identified represent 1% to 5% of all patients diagnosed with SCC.
The use of PET has been studied in this patient population with a
reported sensitivity ranging from 5% to 60%, but larger studies
have suggested a sensitivity in the range of 25% to 35%.
Preliminary studies suggest that combined PET/CT may offer a slight
increase in overall sensitivity (33% to 57%) for detecting unknown
primary tumors, but may offer significantly more information
regarding biopsy localization.
Several studies have shown the benefit of PET in evaluating
regional nodal spread.
The use of PET/CT can add additional localization information, such
as the precise nodal levels involved and even which of the nodes
within a level are abnormal. It can also show contralateral disease
that may not be seen on CT alone; this has a drastic impact on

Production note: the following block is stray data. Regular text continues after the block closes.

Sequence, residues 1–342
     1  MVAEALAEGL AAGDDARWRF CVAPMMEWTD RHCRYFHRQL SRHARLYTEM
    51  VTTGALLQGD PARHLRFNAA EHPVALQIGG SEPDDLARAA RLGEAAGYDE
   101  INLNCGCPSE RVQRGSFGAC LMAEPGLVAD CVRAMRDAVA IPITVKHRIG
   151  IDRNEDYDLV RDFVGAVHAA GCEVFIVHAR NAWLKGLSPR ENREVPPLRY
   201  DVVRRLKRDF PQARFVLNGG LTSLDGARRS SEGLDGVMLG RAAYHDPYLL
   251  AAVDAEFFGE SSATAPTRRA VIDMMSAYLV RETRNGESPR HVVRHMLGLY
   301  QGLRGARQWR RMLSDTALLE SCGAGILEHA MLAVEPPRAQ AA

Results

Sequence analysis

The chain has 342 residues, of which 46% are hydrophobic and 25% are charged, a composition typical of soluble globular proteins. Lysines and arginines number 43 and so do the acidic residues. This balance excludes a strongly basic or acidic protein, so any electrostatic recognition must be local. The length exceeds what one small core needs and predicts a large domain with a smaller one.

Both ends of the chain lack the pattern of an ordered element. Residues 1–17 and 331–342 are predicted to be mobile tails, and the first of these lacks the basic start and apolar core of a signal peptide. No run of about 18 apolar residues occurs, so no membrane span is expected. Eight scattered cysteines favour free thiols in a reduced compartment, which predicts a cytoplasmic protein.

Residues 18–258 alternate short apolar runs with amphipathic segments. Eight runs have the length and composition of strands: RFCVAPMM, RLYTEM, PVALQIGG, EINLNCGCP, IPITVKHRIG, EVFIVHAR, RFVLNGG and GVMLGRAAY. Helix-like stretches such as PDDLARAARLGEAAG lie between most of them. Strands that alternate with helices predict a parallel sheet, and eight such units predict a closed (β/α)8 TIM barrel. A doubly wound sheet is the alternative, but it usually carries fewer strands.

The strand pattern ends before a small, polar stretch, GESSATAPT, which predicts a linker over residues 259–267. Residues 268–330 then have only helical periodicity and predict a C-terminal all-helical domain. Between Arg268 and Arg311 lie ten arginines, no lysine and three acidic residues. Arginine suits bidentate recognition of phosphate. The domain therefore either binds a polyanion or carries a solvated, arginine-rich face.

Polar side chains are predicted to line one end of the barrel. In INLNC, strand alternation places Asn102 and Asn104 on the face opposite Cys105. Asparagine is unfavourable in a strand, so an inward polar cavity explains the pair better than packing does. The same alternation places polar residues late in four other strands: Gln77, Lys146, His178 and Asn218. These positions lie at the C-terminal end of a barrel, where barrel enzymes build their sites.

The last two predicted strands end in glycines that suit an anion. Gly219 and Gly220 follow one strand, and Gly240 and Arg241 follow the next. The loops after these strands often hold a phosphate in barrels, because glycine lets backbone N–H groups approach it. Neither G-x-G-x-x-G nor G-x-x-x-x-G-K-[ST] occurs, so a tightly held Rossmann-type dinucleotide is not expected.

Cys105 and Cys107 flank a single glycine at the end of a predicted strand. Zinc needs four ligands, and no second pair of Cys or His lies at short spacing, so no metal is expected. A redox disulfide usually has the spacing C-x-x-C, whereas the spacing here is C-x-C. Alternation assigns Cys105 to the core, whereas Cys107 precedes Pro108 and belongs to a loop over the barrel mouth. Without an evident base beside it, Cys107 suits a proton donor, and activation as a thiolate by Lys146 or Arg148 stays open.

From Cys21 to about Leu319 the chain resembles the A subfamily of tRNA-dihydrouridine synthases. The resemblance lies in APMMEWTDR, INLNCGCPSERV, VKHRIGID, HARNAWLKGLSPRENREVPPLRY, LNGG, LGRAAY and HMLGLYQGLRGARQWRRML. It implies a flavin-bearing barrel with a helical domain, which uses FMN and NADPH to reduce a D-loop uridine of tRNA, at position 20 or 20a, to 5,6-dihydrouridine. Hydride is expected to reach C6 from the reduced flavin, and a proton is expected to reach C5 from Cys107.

patient management, usually indicating the need for bilateral
radical neck dissections rather than a unilateral approach.
Studies have shown that PET (and, more recently, PET/CT) is more
sensitive (88% to 100%) and specific (75% to 100%) compared with
combined data for CT and magnetic resonance (MR) (sensitivity 38%
to 90% and specificity 38% to 85%) for the detection of recurrent
or residual disease both at the primary site and for nodal
The added ability of PET/CT to accurately localize disease makes it
more appealing than PET alone (Figure 1), since PET can help
determine the presence or absence of disease but often cannot
indicate precise localization.
Initial diagnosis and staging-
Although more aggressive forms of thyroid carcinoma have been
reported to show FDG uptake at the time of diagnosis, most